As we speak, the interest rates are all-time low, the gold price is way high (around $1,800 plus), and the COVID-19 pandemic is still raging. President Trump is about to step down to allow president elected Biden to take over the administration in 2021. The dollar is slipping in strength. Unemployment is way high! Parts of the United States are in a lockdown state so people could have a social distance to fight the pandemic. Vaccines that could take on the COVID-19 pandemic is about to roll out soon. Things seem to be in limbo, and it could get worse. Somehow, the stock market is shooting way up! Is there a disconnect?

In the video right after the break, Deadnsyde Youtuber mentions that MicroStrategy’s stock price plunged so hard in 1999 might had been the reason that the Dot-com bubble popped in the first place. The surging of unfounded stock valuations of today’s stocks could also be the catalyst in which it may take only one over-valuated, well known stock such as Tesla to pop that could lead the bubble of today’s stock market to pop hard.

What do you think?

I Think China Wants The United States To Impose %25 Tariff on Chinese Goods in March!

I don’t like to get political and hopefully what I’m writing isn’t too political. I’m thinking that even if president Trump is really wanting to have a trade deal with China to avert the upcoming tariff deadline in March on the Chinese goods, China might not want to see a trade deal gets done even the United States concedes something great.

How come? Well, let pretend to put yourself in a Chinese shoe and think about this for a second. So, if you’re Chinese and you know that the Americans will up the tariff on your $200 billion goods in March from 10% to 25% if the trade deal between China and the United States won’t happen, and so the big question is should you concede to the United States in a big way in order for a trade deal to be happening and the tariff to go away? Well, I think if you’re smart you probably would want the United States to impose the 25% tariff on your $200 billion of goods.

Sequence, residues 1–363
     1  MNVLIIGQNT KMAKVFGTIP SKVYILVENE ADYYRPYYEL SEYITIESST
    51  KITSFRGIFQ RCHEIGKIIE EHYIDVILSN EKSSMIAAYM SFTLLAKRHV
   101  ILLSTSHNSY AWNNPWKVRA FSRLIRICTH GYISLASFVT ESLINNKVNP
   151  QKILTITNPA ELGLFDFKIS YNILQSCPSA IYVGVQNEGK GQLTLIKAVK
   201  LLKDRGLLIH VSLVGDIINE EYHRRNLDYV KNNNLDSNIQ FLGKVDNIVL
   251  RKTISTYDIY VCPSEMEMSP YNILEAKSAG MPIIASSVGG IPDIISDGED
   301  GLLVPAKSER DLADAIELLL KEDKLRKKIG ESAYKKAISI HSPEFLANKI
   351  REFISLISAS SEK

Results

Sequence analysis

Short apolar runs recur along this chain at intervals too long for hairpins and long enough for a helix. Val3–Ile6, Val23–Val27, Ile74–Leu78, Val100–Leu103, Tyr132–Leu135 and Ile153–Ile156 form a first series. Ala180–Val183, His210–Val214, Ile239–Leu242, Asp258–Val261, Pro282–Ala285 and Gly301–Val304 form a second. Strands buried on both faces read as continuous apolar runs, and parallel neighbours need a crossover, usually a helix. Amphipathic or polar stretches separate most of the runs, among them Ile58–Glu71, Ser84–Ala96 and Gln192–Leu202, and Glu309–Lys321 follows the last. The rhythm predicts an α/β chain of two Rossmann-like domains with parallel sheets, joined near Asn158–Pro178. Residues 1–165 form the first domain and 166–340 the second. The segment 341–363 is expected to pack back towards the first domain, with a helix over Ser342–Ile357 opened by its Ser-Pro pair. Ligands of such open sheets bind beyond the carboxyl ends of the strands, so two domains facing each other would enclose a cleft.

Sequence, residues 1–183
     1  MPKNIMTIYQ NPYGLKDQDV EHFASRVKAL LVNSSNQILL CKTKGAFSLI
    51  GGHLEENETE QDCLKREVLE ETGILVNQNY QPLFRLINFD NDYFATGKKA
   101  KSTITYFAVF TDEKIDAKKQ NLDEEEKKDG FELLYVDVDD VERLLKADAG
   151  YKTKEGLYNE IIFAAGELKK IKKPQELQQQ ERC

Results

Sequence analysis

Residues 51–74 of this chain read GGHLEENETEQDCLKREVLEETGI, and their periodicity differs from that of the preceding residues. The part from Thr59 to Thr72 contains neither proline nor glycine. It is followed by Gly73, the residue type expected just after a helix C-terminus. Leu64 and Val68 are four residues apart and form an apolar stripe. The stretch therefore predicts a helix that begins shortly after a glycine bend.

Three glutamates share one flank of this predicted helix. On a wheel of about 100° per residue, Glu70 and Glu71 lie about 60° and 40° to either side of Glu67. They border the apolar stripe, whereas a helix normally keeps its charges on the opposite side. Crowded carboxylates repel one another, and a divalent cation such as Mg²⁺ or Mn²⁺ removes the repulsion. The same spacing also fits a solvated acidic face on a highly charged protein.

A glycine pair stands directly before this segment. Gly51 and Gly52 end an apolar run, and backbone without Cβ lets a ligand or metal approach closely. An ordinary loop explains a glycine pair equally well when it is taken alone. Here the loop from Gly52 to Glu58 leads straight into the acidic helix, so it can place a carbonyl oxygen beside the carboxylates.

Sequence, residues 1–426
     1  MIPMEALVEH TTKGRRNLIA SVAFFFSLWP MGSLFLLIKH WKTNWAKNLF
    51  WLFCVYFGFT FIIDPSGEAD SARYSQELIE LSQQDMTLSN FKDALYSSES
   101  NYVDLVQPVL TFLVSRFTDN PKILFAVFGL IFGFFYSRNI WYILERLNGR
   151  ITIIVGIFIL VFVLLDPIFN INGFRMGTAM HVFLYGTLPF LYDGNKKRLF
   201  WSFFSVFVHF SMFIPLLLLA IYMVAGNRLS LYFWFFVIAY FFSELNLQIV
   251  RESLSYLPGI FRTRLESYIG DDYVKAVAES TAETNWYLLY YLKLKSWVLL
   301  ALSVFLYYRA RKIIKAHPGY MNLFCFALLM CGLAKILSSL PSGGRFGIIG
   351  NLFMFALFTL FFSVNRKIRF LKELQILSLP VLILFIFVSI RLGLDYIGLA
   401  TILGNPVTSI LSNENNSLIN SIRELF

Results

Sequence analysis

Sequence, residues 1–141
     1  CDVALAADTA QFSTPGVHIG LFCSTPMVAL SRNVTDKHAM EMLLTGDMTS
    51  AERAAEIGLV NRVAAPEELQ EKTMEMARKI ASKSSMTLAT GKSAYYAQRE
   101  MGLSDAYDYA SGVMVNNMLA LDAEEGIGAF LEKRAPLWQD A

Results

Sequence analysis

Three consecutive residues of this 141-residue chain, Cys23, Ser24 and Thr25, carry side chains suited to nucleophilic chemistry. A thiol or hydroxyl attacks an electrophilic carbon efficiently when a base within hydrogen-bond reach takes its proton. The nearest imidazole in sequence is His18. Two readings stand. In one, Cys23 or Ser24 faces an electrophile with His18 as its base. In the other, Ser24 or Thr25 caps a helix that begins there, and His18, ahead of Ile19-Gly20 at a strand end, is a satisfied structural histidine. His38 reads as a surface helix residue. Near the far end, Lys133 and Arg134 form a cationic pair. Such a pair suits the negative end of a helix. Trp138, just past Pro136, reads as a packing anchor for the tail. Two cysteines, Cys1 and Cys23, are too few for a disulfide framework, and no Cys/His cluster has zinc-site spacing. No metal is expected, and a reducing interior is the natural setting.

I think China knows that the United States economy is not on a solid foundation otherwise the United States won’t have a government shutdown and such. Furthermore, inflation would go through the roof since the interest rates cannot be raised appropriately. To keep the interest rates low the United States has to continue to print more money. Normal people in the United States will continue to see rising inflation which would cost them dearly in acquiring daily things in local grocery stores and so on. A hamburger meal usually costs like $3 but now is like $7 to $8. So, if you’re the Chinese you would think that higher tariff on the $200 billion Chinese goods must be a great thing for China!

Meanwhile, China is weaning off the reliance on American consumers because of the hostility between the United States and China! This could push China to be more aggressive in finding new markets throughout the world such as in Africa, India, Asia, Europe, South America to replace the North American consumer base. Some other regions might see this as a good opportunity to negotiate with China to get a great deal so they could enter China’s huge growing middle-class consumer base. China may pretend to resist this but could end up agreeing to concede something to these players so they could diversify away from the American consumer base.

I think the long term picture is what China is sought after because China wants to better itself in the overall big picture. This means China doesn’t care if the United States is upping the tariff to 25% or even to 75% or to 100%. When the United States is upping the tariff on Chinese goods, the Americans have to pay more for daily things in their lives. This would put even more stress on the Americans and make the Americans go into debts even more. More Americans in debts could mean a weaker market overall for the United States in the long run. This means more Americans will have to be more prudent on what they will spend so they could have money to pay off their debts. This means the American market will soon see a big cut back from spending by the American consumers. Either this or the Americans who are already in too many debts won’t have money to spend anyway!